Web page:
is a 2014 historical mystery by Greg Iles. It follows skilled lawyer Penn Cage as he defends his father against a murder charge that exposes long-buried conspiracies and secrets. Published to great critical acclaim, Natchez Burning
is the fourth novel in the Penn Cage
series, but it’s the first of three books covering Penn’s dealings with this case. A prolific writer, Iles also penned the original script for Trapped
, a 2002 movie based on his own best-selling novel, 24 Hours
. He lives in Natchez, Mississippi.
Penn Cage is a southern lawyer who was once a successful prosecutor. He lives in Natchez, Mississippi. After a successful legal career, he’s now the town mayor. His father, Dr. Tom Cage, is the town’s well-respected doctor. He’s also a military veteran who served honourably. Penn never expects that his father’s reputation will be threatened. However, Dr. Cage is accused of murder.
It’s said that Dr. Cage murdered Viola Turner, an African American nurse, many years ago during the turbulent 1960s. Penn doesn’t believe his father is capable of such brutality, and the whole town is stunned by the revelation. Unwilling to let his father go down for a crime he surely didn’t commit, Penn plans to defend him against the charges. He knows how prosecutors work, and he thinks he can bring his father justice.
Dr. Cage, however, has other ideas. When Penn sits him down to him about Viola, Dr. Cage refuses to discuss her. He says it’s a breach of doctor-patient privilege, and he can’t do that to Viola. This frustrates Penn because he can’t help his father if he won’t talk, and Penn doesn’t know how to convince his father it’s the only option.
When Dr. Cage won’t talk about his past, let alone Viola, Penn knows it’s his responsibility to save his father, whether anyone helps him or not. Even so, Penn’s disillusioned and worried that his father might not be the community pillar Penn thought he was. Still, Penn believes in his father enough to keep going, and he feels it’s his duty as a son.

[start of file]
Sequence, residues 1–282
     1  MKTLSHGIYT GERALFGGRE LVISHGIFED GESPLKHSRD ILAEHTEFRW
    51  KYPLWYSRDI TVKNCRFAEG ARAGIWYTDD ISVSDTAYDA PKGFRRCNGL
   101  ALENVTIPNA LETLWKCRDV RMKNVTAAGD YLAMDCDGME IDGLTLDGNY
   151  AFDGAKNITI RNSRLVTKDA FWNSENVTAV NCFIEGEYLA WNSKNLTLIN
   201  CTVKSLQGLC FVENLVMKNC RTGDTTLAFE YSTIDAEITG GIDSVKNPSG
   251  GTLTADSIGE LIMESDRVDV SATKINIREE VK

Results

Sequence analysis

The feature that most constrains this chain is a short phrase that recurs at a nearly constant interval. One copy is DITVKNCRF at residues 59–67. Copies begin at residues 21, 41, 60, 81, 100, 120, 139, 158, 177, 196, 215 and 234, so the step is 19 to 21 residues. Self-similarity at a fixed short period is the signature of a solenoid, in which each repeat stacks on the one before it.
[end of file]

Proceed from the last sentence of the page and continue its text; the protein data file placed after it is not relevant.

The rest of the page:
Town gossip had always suggested that Dr. Cage and Viola were lovers, and it’s no surprise when the rumours start up again. However, Dr. Cage swears he hadn’t seen Viola in over forty years. He eventually admits that she was dying of cancer, which he believes breaches doctor-patient privilege, but he knows he has to tell Penn something.
There’s not much evidence to support the case against Dr. Cage, though witnesses place him at Viola’s house on the night she died of a supposed adrenaline overdose. Dr. Cage doesn’t deny that he was there. This isn’t enough to convict him of murder, but since he’s the last person who saw Viola, he’s the only suspect. No one believes Viola killed herself—or, if she did, no one believes she acted alone.
Penn knows he needs help to clear his father’s name, so he turns to his fiancée, Caitlin. She’s an award-winning journalist and jumps at the opportunity to help Penn out. She and a fellow journalist work with Penn to uncover what happened around the time of Viola’s death and how Dr. Cage fits in to it all. What they discover is far worse than they imagined: Natchez has a very dark and brutal history.
The town was home to a group called the Double Eagles. They were a splinter group of the KKK headed by a wealthy and powerful man, but they were even crueller and wickeder than the Klan. Readers should be aware that Iles describes the atrocities they committed in great detail. Caitlin and her friend uncover these horrific accounts as they’re searching for evidence to clear Dr. Cage’s name.
Penn believes his father helped Viola kill herself because she was in so much pain, which means Dr. Cage had good intentions. However, Penn grows more suspicious the less his father talks. He’s temporarily distracted by Caitlin’s findings about the Double Eagles. Penn can’t help but wonder if his father was involved, due to his military past. He wonders if Dr. Cage had to kill people, even if he didn’t want to.
What he discovers for certain is that Viola’s brother had a relationship with a wealthy white girl many years ago. He was murdered because of it, and the case remains unsolved. Penn’s sure that this incident is linked to his father’s case, and he’s determined to find out how.
As this is the first book in a trilogy, the ending is left unresolved. Readers still don’t know the truth about Dr. Cage, but major conflicts have been planted for the series going forward.